University team receives USDA grant to help develop solutions for beef cattle grazing systems
Monday, May 13, 2013
MANHATTAN -- Drought, flooding, extreme heat, subzero temperatures: All of these climatic events and more in Kansas can threaten the supply and affordability of the nation's beef supply. It's hard to do much about the weather, but a team of Kansas State University scientists will be trying to find solutions so cattlemen can better adapt to any future climate extremes in their grazing operations.
Much of the nation's beef supply is produced on permanent grazing lands and wheat pasture in the Southern Great Plains, including Kansas. Protecting this vital supply from the stresses of climate variability is one key to our nation's food security, said Chuck Rice, university distinguished professor of agronomy and one of the leaders of the team.
Realizing the importance of this issue, the U.S. Department of Agriculture recently announced a $9.6 million, five-year grant to a multistate partnership that includes Kansas State University, Oklahoma State University, University of Oklahoma, USDA-Agricultural Research Service, Noble Foundation and Tarleton State University, Rice said.
The Kansas State University team also is led by Peter Tomlinson, assistant professor of agronomy and environmental quality specialist, and Gerad Middendorf, associate professor of sociology. The evaluation component will be directed by the university's office of educational innovation and evaluation.
Others on the university's team include Justin Waggoner, beef systems specialist, Southwest Research-Extension Center; Doug Shoup, crops and soils specialist, and Jaymelynn Farney, beef systems specialist, Southeast Research-Extension Center; Dan Devlin, professor of agronomy and director of the Kansas Center for Agricultural Resources and the Environment; Aavudai Anandhi Swamy, research assistant professor of agronomy; Jim Shroyer, crop production specialist and professor of agronomy; Walter Fick, range specialist and professor of agronomy; Dorivar Ruiz Diaz, nutrient management specialist and associate professor of agronomy; and DeAnn Presley, soil management specialist and associate professor of agronomy.
"Our uniquely qualified team will answer critically important research questions and deliver extension programming about impacts of climate variability on beef cattle grazing operations in Kansas and the Southern Great Plains," Tomlinson said. "We also will work on the sustainability of rural economies under variable and changing climates."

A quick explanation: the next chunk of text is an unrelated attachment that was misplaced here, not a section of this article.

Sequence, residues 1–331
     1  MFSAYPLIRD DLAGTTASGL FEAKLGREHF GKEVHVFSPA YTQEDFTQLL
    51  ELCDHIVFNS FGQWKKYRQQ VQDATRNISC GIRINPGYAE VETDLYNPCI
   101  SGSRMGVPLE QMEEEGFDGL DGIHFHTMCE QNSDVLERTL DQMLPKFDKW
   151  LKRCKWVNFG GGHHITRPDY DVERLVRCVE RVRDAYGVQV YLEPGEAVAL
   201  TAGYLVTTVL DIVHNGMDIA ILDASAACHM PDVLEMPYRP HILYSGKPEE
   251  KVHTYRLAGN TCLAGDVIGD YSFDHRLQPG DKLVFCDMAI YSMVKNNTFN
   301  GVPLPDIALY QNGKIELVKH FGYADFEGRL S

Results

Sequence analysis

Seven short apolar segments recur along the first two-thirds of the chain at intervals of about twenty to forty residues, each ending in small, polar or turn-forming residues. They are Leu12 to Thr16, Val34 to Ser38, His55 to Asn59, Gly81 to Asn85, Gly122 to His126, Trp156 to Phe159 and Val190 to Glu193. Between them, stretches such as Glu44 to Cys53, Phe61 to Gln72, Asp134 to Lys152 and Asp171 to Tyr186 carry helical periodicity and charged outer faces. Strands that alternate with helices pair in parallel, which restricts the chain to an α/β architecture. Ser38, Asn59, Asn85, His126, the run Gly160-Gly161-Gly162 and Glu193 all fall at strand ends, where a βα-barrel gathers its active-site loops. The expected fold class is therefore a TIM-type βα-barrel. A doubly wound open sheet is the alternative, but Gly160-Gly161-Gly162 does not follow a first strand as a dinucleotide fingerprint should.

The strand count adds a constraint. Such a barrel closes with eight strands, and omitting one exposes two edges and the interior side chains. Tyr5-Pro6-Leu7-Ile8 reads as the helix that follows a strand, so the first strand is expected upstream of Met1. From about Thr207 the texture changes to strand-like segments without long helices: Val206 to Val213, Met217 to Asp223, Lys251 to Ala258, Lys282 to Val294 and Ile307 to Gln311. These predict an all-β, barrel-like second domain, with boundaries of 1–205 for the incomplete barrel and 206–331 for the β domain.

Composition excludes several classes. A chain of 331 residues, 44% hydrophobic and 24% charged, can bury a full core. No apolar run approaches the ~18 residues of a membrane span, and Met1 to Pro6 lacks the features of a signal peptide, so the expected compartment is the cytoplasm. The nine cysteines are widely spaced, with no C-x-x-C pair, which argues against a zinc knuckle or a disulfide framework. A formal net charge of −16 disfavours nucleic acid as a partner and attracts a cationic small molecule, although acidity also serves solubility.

The project's goal is to increase the resiliency of beef cattle operations on grazing lands and wheat pasture, both dual purpose and graze-out, so they can better sustain productivity in the future through a wide range of potential climate changes, Rice said.
The team will work with ranchers and farmers to evaluate management practices and suggest changes for better resiliency. Specifically, the project will focus on:
* Improved grazing management
* Increased water use efficiency
* More diversified forage sources
* Development of multiple marketing options
* Strategic drought planning
* Improved soil and water quality
* Ways to provide more stable farm household incomes
Success of this effort will contribute to the long-term viability of beef grazing systems in Kansas and the Southern Great Plains under changing climate environments, Rice said.
Funding is being provided through the USDA's National Institute of Food and Agriculture, part of $19.5 million the institute is making available to various scientific teams nationally to support the development of climate solutions relative to beef and dairy cattle.
The National Institute of Food and Agriculture's Coordinated Agricultural Projects bring together teams of researchers that represent various geographic areas to support scientific discovery, technology development and improved communication, all of which are key elements in promoting innovative, science-based solutions to critical and emerging national priorities and needs.
"We have seen the impact that variable climate patterns have had on production agriculture for the past several years; these projects will deliver the best tools available to accurately measure and respond to the effects of climate on beef and dairy production," said Tom Vilsack, U.S. secretary of agriculture. "Farmers and ranchers need sound, science-based information and solutions to help them make management decisions that will sustain their productivity and keep their operations economically viable."
The National Institute of Food and Agriculture made the Southern Great Plains award through its Agriculture and Food Research Initiative funding opportunity. The initiative's Climate Variability and Change challenge area is focused on reducing greenhouse gas emissions and increasing carbon sequestration in agricultural and forest production systems and preparing the nation's agriculture and forests to adapt to changing climates